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2014 Bordeaux Moving – If the Price is Right

Well-priced wines from Bordeaux’s 2014 vintage are making a splash, but merchants are ignoring some big-name wines whose prices are a turn-off for buyers.

Heavyweight châteaux Haut-Brion and Cos d’Estournel, as well as the highly respected Tertre Rôteboeuf released their en primeur wines on Tuesday, following last week’s releases of Angelus, Palmer, Lynch-Bages and others.

The campaign so far has been one of « fits and starts », Corney & Barrow’s Will Hargrove told Wine Searcher, but « the idea that this should be the best campaign since 2010 might still happen ».

Hargrove was boosted by the release of three wines from the Mitjavile stable in Saint-Émilion – Francois Mitjavile’s Tertre Rôteboeuf, Roc des Cambes, and L’Aurage, which is owned by his son Louis – but was less enthusiastic about last week’s releases, particularly Palmer and Angelus.

« The Mitjavile wines are slightly down in price and are going well, which is great, but Palmer and Angelus [prices] are pretty ambitious. »

The first Right Bank release, Angelus is €180 ($202) per bottle ex-negociant, up 9 percent on 2013; Margaux third growth Palmer shows a similar rise, up 7 percent at €160 ($179). Hargrove said they would not be offering the latter: « We really liked the wine but just don’t feel we would be doing our customers a favor at that price level. »

London merchant Bordeaux Index’s Giles Cooper agreed. « The main market for Angelus is Asia, and there’s not much activity there. We’ve sold more Palmer, but we’re not talking large volumes. »

Greg Sherwood at another London merchant, Handford Wines, said he was seeing a lot of interest in mid-price Cru Bourgeois and good-value second wines.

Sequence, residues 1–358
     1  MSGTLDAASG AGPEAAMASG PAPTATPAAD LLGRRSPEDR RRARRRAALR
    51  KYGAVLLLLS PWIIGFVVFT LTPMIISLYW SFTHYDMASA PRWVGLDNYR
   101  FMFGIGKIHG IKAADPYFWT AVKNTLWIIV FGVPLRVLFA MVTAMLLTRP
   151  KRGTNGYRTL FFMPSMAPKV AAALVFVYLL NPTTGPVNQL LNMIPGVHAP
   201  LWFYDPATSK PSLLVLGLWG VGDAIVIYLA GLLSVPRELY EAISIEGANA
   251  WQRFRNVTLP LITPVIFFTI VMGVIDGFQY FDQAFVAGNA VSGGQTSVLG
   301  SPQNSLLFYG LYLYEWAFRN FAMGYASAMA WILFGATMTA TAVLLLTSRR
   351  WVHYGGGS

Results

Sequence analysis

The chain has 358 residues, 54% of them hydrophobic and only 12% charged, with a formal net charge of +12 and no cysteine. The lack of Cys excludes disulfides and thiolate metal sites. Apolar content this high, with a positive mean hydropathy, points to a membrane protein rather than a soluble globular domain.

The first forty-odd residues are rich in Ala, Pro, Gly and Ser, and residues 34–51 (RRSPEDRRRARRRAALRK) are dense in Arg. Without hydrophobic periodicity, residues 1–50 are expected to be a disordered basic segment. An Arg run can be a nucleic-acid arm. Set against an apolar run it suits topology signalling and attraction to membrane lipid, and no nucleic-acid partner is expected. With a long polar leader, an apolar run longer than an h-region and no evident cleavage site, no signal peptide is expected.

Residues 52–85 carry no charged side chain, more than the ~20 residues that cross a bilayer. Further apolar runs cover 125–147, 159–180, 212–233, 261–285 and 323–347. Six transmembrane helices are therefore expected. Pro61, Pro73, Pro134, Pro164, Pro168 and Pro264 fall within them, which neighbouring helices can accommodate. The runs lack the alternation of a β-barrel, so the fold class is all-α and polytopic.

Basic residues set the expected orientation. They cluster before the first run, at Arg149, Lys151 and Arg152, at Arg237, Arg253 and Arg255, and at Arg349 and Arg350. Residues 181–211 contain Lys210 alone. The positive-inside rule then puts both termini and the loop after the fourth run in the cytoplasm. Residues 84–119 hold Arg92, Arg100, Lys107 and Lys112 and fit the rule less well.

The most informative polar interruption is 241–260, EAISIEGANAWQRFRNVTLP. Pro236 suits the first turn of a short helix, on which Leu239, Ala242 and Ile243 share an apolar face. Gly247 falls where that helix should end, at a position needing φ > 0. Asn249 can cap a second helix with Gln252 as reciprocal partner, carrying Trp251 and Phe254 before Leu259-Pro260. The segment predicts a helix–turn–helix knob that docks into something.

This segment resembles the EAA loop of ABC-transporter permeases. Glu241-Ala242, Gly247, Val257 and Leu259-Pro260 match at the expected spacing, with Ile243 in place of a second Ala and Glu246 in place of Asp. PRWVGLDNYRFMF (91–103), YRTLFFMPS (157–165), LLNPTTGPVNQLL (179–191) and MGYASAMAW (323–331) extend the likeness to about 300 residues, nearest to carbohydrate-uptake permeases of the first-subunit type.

« People are tired of the expensive icons. They look at Palmer at £1500 ($2279) a case and think you could buy a hell of a lot of Brunello or Rhône for that. »

The most excitement was generated by the early release of first growth Château Mouton Rothschild, which Corneys has sold out of, along with much-respected Pauillac fifth growth Lynch-Bages.

Haut-Brion (€240 or $269 per bottle ex-negociant) and Saint-Estèphe’s Cos d’Estournel (€84.50 or $95) have been greeted with less enthusiasm.

The trading platform Liv-ex notes that the Pessac-Léognan first growth « is the second-cheapest vintage on the market, though only marginally; the 2006 and 2008 have higher scores and are available at just a small premium on the 2014 release price. »

This led Liv-ex managing director James Miles to tweet pithily: « Too much value in back vintages for this to work. #shame. »

Reactions may be lukewarm, but the en primeur campaign as a whole still has life. There are some wonderful wines out there, Cooper said, and there is momentum.

« It may sound terrible that our best-case scenario is the relative indifference of clients, » he told Wine Searcher, « but the one thing we feared was that prices would be so high that people would feel they were being taken advantage of. This has not happened – customers are not getting angry as they were in previous years, and that’s what ripped the energy and momentum out of it before. »

There are still « significant releases » such as Pichon Lalande, Léoville-Las Cases, Grand-Puy-Lacoste and Domaine de Chevalier to come, he said, and if they’re at the right price then the momentum will continue…

Wednesday, 06-May-2015

Adam Lechmere

Wine Searcher

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